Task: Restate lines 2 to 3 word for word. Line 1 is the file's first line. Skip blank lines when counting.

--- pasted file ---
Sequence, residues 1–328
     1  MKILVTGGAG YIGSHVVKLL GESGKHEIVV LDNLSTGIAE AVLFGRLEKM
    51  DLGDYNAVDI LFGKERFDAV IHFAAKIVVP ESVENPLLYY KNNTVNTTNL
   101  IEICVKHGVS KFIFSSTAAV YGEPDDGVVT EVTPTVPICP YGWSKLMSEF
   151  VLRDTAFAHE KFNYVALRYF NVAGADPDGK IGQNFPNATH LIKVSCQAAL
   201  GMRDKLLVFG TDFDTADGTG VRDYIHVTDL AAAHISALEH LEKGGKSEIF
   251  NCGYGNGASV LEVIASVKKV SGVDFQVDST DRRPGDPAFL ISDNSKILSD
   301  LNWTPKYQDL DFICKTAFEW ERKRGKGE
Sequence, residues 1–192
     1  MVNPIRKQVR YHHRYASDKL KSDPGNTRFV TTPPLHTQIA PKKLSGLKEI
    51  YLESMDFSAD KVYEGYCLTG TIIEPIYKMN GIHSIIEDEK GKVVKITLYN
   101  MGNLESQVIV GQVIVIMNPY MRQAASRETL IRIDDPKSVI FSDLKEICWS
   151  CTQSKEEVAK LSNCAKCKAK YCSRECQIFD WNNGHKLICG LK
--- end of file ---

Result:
     1  MKILVTGGAG YIGSHVVKLL GESGKHEIVV LDNLSTGIAE AVLFGRLEKM
    51  DLGDYNAVDI LFGKERFDAV IHFAAKIVVP ESVENPLLYY KNNTVNTTNL